September 30, 2015

The Long Slide

Autumn lavished Chicago and Boston in the past week, where we were sponsoring NIRI programs. While nature celebrated the season, stocks did not, continuing a slow bleed.

In Chicago I spoke on the structure of the market today, how the liquidity is one place and the prices are another, and forcing them together gives arbitragers control.

Let me explain. The roots of both the NYSE and the Nasdaq trace to brokers. In 1792, a group of them decided to throw in together, agreeing to charge a minimum commission so as not to undercut each other on price, and to go first to the group when looking for buyers or sellers, creating a marketplace – aggregated customers. It became the NYSE.

In 1971, the National Association of Securities Dealers took a page from The Institutional Network (Instinet today, a dark pool owned by Nomura) and created an automated quotation market for its members to post buy and sell interest.  It became the Nasdaq.

Both exchanges operated one market each for equities. Both markets were comprised of the customers of the brokers belonging to them.  They were bringing buyers and sellers together – that’s the definition of a market.

Today the exchanges are owned by shareholders and the markets they run are not predicated on underlying conglomerated buy and sell interest from customers of brokers.  Rules give these markets, the exchanges, authority to set prices. The liquidity – shares owned by investors and brokers – is outside the market now.

How to get the liquidity over to where prices are? Pay traders to haul it.  If you’re a top-tier maker of Nasdaq volume, meaning your firm is bringing shares for sale to the Nasdaq equaling 1.6% of total volume, you can be paid $0.30 for each hundred shares you offer for sale.  At current volumes, firms in that bracket can make $86,000 daily for doing nothing more than moving shares from one market to another.

But there’s more. Traders earn payments for selling shares at the main Nasdaq market.  They’re conversely paid at the Nasdaq BX, another platform (formerly the Boston Stock Exchange) owned by the exchange, to buy shares, about $0.17 per hundred shares.  So traders can earn money both buying and selling shares.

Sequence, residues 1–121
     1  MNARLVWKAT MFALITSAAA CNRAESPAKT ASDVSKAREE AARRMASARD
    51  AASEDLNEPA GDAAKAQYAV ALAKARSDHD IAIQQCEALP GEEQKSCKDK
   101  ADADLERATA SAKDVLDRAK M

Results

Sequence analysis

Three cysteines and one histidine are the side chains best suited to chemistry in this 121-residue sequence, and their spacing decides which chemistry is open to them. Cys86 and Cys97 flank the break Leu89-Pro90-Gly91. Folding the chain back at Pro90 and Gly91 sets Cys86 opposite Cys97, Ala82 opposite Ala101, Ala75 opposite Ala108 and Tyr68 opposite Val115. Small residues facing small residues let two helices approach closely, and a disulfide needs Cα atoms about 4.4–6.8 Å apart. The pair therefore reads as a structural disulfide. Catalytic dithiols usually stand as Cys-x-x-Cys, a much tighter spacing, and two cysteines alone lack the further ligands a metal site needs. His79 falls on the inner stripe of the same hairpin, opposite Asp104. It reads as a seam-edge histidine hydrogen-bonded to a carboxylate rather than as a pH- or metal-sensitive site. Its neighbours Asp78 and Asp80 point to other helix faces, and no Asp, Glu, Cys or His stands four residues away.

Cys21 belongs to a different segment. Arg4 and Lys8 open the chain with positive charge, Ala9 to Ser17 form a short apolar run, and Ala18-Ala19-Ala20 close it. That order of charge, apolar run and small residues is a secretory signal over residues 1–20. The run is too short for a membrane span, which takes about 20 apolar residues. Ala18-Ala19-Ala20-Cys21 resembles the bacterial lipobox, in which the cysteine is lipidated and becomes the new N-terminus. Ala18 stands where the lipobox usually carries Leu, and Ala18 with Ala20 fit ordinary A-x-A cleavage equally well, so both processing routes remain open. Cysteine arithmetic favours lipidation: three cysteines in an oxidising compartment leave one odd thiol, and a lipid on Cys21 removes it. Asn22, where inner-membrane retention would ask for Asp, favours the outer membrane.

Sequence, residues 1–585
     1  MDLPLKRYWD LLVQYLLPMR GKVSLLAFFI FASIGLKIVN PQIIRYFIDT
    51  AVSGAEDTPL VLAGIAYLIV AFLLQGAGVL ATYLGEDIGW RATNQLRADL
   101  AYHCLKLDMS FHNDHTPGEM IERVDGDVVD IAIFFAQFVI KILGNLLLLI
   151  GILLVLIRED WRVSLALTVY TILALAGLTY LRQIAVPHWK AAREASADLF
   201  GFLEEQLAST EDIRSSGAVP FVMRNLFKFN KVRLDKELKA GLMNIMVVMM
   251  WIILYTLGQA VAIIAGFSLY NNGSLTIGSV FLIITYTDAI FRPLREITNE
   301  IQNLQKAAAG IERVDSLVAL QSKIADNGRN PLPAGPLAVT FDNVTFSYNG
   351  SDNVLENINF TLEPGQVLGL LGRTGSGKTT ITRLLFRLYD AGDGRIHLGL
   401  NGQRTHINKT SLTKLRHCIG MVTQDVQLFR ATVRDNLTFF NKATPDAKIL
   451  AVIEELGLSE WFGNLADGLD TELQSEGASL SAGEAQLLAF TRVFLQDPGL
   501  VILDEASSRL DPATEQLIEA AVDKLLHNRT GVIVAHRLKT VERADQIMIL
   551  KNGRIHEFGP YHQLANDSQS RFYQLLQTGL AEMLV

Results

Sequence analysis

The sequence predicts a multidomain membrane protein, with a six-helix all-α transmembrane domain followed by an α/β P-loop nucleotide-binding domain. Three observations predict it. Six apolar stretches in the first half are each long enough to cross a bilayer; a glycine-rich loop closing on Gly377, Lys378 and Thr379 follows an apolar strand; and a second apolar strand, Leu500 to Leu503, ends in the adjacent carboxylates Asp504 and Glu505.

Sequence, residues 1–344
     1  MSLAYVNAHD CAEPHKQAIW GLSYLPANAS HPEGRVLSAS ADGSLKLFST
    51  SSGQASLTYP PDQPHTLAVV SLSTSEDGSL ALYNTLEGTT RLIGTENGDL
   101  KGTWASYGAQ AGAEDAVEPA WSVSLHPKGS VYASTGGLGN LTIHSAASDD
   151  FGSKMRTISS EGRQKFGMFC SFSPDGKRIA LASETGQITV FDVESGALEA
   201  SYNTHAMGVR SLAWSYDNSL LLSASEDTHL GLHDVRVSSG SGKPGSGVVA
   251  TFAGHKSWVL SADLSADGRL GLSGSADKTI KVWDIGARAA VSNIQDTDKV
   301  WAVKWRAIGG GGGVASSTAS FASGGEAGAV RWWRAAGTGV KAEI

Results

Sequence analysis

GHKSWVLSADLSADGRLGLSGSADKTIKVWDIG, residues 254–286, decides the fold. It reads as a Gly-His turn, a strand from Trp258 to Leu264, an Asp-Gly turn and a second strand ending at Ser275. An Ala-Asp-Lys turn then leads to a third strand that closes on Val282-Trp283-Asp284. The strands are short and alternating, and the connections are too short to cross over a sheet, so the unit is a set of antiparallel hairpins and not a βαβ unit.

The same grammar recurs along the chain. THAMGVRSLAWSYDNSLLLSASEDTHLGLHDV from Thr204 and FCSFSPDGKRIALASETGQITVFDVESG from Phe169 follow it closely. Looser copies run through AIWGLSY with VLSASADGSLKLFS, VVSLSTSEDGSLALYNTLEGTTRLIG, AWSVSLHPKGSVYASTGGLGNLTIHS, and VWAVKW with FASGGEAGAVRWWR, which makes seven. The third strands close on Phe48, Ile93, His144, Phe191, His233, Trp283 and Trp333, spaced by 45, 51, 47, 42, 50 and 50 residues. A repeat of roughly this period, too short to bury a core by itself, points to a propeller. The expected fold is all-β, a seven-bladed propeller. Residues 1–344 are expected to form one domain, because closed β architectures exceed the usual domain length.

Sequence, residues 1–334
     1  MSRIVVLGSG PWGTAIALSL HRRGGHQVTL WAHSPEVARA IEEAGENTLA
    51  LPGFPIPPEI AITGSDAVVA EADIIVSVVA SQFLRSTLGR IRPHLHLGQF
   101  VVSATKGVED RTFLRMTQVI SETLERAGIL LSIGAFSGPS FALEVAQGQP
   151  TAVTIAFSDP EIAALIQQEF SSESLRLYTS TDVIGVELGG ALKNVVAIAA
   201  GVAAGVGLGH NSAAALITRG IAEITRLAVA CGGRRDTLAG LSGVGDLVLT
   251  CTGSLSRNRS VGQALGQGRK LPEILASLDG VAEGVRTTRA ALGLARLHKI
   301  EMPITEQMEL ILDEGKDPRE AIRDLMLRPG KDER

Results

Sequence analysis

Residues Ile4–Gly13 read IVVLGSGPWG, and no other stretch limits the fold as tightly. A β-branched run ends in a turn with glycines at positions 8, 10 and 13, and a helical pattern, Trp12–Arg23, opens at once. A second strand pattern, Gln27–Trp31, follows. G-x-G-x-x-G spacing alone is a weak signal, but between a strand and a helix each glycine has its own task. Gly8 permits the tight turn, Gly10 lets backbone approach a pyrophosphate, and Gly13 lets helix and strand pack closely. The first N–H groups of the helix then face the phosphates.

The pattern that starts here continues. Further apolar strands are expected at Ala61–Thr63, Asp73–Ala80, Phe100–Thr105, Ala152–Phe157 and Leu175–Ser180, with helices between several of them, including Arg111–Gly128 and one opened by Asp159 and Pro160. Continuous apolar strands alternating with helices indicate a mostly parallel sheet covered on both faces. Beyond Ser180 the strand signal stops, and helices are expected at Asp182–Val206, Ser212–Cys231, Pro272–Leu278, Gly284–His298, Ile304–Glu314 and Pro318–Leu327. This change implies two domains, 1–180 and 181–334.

Why?  To set prices. If all trades must occur between the best national bid to buy and offer to sell, and the exchanges – the NYSE does the same thing, as does BATS Global Markets – can pay traders to set the bid and the offer with small trades, then other trades by rule are drawn there to match, and the data from these trades becomes a valuable commodity to sell back to brokers, who are also required by regulations to buy it in order to know if they’re providing customers the best prices.

This is how stock markets work today. Exchanges pay traders to set prices in order to draw out orders, and then they sell the data generated from these trades, and sell technology services so traders and brokers can access prices and data rapidly.

It’s the opposite of the old market where brokers set minimum commissions and gave preference. Both those are against the law now, and the market is fractured into 50 different pieces – stock exchanges, broker-operated “dark pool” markets – and is really about setting prices and generating data.

Volatility results from one thing: Continually changing prices. Why are prices in flux?  Rules require eleven different markets to pass orders to each other if they don’t have the best price, and these markets are paying traders to constantly change it. All the trades at broker dark pools must match at prices set by exchanges, so they are continuously morphing too.

According to data from S&P Capital IQ reported in USA Today yesterday, 86% of the S&P 500 (430 of 500 issues) is down 10% or more. A quarter are off at least 30%.

Suppose you’re a big money manager like Blackrock and investors have been making redemptions for days or weeks, yet every time you sell some shares, the market shudders because all the prices race away from you, and down.

You try to control it by leaking out, leaking out, because nobody wins if prices implode when you sell.  Months ago we theorized after studying market structure for now over ten years that when the next bear market developed we’d see a long slow slide because there’s no efficient way to move money of size in the current structure (a disastrous design for anyone who gets supply, demand, scarcity and choice – basic economic concepts).

We’re in it.  The only question now is the length of the slope.

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